Crafty's Advent Calendar: Gillian Letham

If one was seeking a single example of how far the Australian beer scene has developed over the past decade, there’s none better than Brisbane. On January 1, 2010, uttering a phrase along the lines of “vibrant craft beer scene” about the city would have been enough for people to ask what hour of the morning you’d started drinking and just where were you hiding that bottle of meths.

Archive only opened in May 2010, with The Scratch launched in 2011 and the OG Tippler’s Tap the following year. When Green Beacon opened their Mountain Goat like Teneriffe brewpub in January 2013, it felt almost like a curio.

But, as Phil Collins sang in Against All Odds: “Take a look at me now.”

Not only does the city – and the wider South East Queensland region – have a vibrant craft beer scene, it has one that’s very much its own: madcap and magnificent in equal measure.

There are great breweries, quirky brewpubs, sleek bars and dive bars, a beer festival where you could join 14,000 watching The Smith Street Band while drinking their beer and a beer week where anything goes.

If there's one reason above all it’s such a great scene, it's down to the people. If anyone gets around to carrying out a “legends per capita” study of Australian city's beer communities, I’m putting my money on Brewsvegas. And, in a way, this entry in our Advent Calendar is a tribute to all those wonderful people that have created the Brisbane miracle.

You could mount powerful arguments for the likes of Ben Nichols, co-founder of The Scratch and Netherworld and the initiator of Brewsvegas, or Matt Emmerson of Brewski, or Mark Howes at Newstead, among others. Yet we're going with Gillian Letham – AKA Gill from The Mill AKA Gill formerly from The Mill. She might have joined the scene later than some but has imprinted her personality all through it and become one of its most enthusiastic advocates, as recognised with The Special Achievement Award she shared with Ben at this year's Beeries.

 

Gill and Ben collect their award at The Beeries 2019.

 

Day to day, she runs two suburban beer venues – the Oxford Tap House in Bulimba and The Woods in Mitchelton – although most know her from The Mill on Constance, which closed earlier this year over lease issues with the landlord. While she'd worked in pubs in Scotland and The Rocks, Sydney, prior to moving to Brisbane, her arrival in Queensland's capital was as a cider drinker and buyer for Lorna Jane. It was only when her partner, Gerard Harnett, asked her to help out at The Mill soon after he and mate Lorcan McCarthy had left the construction industry to run a venue, that she had her first real contact with craft beer. And it's one she embraced wholeheartedly.

The Brisbane beer scene was still small then and when Ben walked in one day chatting about getting Brewsvegas off the ground, she offered to help out; two years later she was running it with him. It's become a microcosm of all that's wonderful about the city's beer scene – and there's plenty that's wonderful about it.

So, here's to Gill formerly of The Mill, to Brisbane, its vibrant beer scene, and all who make it such a happy place.


Gillian Letham

 

What's been your highlight of the past decade?  

To pick a single moment or highlight is no easy feat. We've gone from strength to strength with our venues, getting a grasp on the ebbs and flows of the industry, but also witnessing the ever growing evolution of a once tiny culture.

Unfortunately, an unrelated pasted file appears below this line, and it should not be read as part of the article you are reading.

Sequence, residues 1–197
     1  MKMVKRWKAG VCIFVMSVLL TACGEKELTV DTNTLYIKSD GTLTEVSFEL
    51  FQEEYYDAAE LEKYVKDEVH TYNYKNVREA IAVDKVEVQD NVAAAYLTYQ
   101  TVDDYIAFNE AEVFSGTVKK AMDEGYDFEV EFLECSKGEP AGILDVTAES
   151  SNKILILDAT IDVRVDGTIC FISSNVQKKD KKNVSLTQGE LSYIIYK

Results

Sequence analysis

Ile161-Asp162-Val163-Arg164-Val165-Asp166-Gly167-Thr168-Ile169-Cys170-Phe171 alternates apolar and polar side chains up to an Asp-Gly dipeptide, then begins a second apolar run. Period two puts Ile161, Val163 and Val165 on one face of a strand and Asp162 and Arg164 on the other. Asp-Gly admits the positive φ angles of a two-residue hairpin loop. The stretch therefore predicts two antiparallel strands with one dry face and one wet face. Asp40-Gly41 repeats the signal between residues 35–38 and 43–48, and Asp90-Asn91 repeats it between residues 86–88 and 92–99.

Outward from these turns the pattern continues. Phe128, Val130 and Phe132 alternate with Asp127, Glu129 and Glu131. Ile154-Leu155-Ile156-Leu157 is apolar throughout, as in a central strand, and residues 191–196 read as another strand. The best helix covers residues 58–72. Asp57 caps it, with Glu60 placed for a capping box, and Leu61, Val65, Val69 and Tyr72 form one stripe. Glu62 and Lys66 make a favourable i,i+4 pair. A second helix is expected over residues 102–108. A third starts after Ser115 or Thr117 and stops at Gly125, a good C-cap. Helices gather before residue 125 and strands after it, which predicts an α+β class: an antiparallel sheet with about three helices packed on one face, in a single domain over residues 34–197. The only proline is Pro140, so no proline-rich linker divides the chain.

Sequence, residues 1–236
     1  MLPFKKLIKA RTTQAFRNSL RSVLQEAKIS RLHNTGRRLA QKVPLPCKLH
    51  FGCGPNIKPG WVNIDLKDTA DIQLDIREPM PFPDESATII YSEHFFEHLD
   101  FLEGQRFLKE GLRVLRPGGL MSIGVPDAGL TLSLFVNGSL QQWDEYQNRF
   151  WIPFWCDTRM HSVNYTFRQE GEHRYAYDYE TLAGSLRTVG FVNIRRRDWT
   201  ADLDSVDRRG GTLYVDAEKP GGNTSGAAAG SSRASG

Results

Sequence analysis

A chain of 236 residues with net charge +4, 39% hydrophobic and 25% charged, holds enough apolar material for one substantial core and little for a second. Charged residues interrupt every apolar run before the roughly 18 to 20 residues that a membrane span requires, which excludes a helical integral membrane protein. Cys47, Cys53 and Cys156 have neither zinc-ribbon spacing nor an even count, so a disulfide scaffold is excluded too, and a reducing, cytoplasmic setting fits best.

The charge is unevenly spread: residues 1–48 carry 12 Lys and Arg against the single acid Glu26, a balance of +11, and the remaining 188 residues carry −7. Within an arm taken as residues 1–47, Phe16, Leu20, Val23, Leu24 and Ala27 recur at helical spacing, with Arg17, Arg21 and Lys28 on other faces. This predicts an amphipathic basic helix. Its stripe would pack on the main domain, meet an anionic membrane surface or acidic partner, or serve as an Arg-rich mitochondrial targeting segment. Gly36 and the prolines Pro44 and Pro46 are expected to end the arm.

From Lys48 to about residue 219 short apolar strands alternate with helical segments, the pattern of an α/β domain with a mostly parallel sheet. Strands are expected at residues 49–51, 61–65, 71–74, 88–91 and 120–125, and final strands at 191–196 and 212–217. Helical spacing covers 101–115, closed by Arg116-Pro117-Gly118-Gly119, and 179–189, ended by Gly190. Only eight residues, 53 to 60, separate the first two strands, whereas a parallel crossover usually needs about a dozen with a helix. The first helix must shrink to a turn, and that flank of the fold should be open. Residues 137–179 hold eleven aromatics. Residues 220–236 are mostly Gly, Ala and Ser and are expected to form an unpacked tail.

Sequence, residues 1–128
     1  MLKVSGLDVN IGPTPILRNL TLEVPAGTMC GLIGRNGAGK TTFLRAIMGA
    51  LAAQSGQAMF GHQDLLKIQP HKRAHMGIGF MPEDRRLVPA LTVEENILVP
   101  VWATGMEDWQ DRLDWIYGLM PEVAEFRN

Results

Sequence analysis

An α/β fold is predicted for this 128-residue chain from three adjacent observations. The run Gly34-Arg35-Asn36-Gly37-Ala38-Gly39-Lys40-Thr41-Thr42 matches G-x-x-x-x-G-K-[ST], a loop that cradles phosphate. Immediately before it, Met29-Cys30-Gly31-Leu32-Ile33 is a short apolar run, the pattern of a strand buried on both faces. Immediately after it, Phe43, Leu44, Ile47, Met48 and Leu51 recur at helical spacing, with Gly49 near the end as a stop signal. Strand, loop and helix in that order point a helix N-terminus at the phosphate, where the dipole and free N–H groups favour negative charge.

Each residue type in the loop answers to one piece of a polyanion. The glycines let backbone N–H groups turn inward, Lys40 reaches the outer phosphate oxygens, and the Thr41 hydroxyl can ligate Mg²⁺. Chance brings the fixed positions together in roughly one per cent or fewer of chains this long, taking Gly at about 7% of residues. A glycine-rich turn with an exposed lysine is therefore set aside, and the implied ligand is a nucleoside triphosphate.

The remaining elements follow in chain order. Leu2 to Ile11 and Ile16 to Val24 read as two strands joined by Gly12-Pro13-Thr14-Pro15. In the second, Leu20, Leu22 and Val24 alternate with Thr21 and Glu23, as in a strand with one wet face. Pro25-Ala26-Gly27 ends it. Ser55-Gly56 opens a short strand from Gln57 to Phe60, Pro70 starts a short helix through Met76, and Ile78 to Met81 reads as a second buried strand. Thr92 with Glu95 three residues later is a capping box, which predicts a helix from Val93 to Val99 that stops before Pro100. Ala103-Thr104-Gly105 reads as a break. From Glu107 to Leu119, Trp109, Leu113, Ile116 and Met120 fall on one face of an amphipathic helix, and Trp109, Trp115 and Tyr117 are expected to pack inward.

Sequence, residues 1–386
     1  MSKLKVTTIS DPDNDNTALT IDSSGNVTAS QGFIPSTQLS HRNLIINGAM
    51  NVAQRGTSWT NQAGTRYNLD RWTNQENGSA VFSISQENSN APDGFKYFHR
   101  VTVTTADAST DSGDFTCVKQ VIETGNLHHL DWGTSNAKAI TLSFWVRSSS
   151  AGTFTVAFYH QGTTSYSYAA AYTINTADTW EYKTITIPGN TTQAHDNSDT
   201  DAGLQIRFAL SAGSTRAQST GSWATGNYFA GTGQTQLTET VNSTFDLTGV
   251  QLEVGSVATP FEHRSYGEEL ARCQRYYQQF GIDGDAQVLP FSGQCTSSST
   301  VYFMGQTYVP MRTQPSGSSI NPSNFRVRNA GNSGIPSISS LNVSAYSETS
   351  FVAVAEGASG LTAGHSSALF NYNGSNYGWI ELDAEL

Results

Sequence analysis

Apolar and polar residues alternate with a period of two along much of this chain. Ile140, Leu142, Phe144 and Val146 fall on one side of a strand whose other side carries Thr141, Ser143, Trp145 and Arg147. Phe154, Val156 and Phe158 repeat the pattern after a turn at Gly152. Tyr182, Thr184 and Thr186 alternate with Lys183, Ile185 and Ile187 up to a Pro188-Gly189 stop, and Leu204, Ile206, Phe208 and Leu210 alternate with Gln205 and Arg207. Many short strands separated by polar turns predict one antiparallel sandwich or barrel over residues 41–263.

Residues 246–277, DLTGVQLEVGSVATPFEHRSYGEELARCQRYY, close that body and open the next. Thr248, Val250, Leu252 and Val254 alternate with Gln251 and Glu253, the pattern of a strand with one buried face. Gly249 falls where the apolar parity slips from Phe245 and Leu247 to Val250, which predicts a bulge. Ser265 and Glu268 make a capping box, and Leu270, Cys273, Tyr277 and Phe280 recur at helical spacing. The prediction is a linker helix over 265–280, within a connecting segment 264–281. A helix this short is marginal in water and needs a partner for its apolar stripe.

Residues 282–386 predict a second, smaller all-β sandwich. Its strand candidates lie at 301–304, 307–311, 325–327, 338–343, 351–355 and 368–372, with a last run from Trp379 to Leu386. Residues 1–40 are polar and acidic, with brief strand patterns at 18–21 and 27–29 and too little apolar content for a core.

If there was one highlight, it would be the flux of our regular customers: the ones that have followed us from bar to bar, city to suburb. It never ceases to amaze me when I see a familiar face from the other side of town, ordering their usual and reminding us of how much they love our venues. It's humbling to say the least.


What's surprised you the most about the Aussie beer scene? 

The capacity which it can hold. So many times we've sat back and said: "Surely people feel overwhelmed by now" – but we've yet to see any break. 

I am constantly surprised that people are just getting to independent beers – sometimes we feel like it's been around forever – and we're always taken aback when someone in their mid 30s utters: "I've just gotten into good beer." Wild.


What are your thoughts on the health of the beer industry as we approach the end of a remarkable decade?

There is a fear that some people see it as a burgeoning industry, in the sense that it has a high turnover. That there is a formula that can be applied to become a successful small brewery, gain popularity, and cash out. Business is business, no matter what industry we find ourselves in, but with one so tightly woven together we find there's a big rift caused by groups seeking to make a quick dollar. 

However, one can find that this is pretty clear and only seeks to strengthen those who contribute their entire livelihoods to the passion and culture on which we've built in the past ten years: fast-growing, inclusive and full of nothing but love for those who want to be a part of good beer.


What's your number one goal for the next decade?

In all seriousness? I could say to expand our operations, to grow the culture and break down barriers on the overall perception of the independent beer industry. But I really just want to be able to do a 360 spin on my rollerskates. WOOOOO!


And, if you had one Christmas wish for beer in Australia, what would it be?  

That your beers be cold, your feet be up, your pools be wet and your body in absolute tatters from laughter, fun and the night before.


We're opening a door on Crafty's Advent Calendar every morning up until Christmas Day and you'll be able to find them all here.

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